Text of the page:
How did we go about creating Dynamic Linked Libraries (dll's) for GLQuake drawing? A brief synopsis
1. We grepped the heck out of the Win32 GLQuake source to search for all functions having anything to do with the rendering pipeline. Surprisingly, this yielded a relatively small number of functions to work with... Encouraged, we plowed forward.
2. The next step was to pull these rendering functions out of the main GLQuake source (though not out of the GLQuake project). This too was a fairly simple task, and our ego's soared.
3. Then we began to creating the dll. Removing the rendering code from GLQuake proved difficult due to a large number of global variables. This difficulty was remedied by simply passing the globals as parameters to the drawing functions. New functionality was then added to the dll's to accomodate for each one's initialization and destruction. Code was also added to GLQuake to open the dll's.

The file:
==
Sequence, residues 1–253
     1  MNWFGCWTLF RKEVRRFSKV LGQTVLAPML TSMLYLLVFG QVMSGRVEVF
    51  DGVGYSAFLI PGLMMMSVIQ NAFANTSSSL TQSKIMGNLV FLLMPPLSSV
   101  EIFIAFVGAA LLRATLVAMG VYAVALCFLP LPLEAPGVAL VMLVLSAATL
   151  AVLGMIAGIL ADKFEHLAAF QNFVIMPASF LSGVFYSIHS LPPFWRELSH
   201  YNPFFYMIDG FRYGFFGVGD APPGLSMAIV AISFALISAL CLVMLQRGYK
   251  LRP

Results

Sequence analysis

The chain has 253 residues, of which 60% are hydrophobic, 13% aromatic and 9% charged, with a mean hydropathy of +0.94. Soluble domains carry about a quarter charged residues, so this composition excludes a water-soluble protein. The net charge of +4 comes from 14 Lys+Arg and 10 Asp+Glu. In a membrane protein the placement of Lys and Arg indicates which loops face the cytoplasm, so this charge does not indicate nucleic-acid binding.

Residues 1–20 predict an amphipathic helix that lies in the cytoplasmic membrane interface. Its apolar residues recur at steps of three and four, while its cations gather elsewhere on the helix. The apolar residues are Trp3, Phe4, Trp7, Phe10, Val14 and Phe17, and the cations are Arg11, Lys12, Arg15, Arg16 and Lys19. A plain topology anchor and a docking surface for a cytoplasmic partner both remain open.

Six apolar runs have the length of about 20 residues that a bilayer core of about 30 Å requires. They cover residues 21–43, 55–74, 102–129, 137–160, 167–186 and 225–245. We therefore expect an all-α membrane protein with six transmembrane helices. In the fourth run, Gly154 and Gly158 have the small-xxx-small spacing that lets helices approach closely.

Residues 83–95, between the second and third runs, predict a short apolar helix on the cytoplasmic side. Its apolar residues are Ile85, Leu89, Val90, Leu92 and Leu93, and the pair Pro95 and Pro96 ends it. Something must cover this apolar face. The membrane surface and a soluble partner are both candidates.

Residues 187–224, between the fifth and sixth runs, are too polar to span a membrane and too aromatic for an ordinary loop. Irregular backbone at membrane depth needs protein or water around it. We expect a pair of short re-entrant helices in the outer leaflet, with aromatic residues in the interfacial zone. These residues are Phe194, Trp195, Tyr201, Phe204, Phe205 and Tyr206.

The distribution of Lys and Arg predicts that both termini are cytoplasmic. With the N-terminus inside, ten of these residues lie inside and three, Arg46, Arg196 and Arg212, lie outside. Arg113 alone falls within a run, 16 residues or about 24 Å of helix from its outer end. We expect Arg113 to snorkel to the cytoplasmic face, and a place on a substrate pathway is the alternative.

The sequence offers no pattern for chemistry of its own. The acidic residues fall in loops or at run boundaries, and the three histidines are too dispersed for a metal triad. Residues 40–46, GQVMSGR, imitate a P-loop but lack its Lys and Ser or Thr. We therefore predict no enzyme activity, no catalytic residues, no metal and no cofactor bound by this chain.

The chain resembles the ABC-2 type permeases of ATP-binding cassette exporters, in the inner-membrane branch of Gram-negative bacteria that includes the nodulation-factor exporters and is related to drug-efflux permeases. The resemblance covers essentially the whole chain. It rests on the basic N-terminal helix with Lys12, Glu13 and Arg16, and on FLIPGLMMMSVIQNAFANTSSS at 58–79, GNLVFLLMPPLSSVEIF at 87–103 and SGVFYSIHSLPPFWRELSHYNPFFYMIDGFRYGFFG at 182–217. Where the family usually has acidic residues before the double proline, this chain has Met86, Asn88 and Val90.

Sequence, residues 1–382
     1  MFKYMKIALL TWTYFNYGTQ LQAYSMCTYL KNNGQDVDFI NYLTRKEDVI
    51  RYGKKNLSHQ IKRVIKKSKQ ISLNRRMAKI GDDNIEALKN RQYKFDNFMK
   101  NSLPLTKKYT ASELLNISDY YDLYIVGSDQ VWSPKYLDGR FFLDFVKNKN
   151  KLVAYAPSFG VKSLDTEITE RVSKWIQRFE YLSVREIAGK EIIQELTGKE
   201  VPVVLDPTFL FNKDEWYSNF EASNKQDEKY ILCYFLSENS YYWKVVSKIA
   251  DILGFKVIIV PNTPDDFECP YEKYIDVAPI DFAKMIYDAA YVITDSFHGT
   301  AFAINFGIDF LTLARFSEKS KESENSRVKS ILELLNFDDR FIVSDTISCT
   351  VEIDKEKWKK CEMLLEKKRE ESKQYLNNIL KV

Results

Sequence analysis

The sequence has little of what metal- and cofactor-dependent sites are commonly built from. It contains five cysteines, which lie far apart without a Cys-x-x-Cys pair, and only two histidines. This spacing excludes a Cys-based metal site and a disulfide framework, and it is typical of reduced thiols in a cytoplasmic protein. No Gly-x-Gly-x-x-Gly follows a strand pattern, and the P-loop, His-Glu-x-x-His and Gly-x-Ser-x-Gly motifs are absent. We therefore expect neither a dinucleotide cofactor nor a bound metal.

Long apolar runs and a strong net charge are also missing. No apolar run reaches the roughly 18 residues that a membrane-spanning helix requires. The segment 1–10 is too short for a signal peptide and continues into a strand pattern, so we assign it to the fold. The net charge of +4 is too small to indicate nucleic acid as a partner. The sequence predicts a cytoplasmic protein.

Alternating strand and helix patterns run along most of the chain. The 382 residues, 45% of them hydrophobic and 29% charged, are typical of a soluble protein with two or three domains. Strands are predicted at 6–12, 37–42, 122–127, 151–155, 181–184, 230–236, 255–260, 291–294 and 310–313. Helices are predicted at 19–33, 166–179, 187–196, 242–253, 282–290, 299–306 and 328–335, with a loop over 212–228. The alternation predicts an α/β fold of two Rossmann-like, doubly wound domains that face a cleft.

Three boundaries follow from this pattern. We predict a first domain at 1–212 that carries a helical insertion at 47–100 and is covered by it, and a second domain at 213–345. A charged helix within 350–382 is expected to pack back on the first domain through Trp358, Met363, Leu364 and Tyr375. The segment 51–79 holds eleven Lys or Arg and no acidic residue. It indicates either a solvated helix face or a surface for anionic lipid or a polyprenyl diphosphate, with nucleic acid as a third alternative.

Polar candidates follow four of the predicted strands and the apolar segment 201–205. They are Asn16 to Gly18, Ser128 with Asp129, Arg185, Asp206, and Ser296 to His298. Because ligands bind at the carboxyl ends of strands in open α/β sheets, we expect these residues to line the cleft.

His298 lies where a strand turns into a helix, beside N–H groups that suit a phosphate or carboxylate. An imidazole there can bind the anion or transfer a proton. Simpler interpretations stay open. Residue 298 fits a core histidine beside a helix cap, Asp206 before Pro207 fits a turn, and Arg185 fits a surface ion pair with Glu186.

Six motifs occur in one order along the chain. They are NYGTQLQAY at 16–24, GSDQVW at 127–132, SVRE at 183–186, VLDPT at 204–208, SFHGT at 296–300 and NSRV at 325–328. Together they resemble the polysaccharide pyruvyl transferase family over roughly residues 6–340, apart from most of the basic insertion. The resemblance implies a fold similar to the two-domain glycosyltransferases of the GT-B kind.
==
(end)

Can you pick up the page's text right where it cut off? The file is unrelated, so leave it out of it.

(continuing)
3.5 The parameters for each renderer were implemented as new C-var's, and initialized with each renderer. Adding and removing these on the fly was quickly cobbled into GLQuake.
4. The only core drawing feature severed from GLQuake was the implementation of Multi-Texturing. Certain graphics cards were having a difficult time with the multi-texture functionality of NPRQuake, and we have therefore forced all cards to draw both the light-mapped poly and the wall-poly as seperate objects (see the specific renderer's page for details).
That's it! That's all we did - simply removed the drawing code from within Quake and placed it in an external Visual Studio project. Adding new renderers is a snap, as it requires simply compiling a new dll. A quick jump to the How do I make my own? page should get you up and running in no time.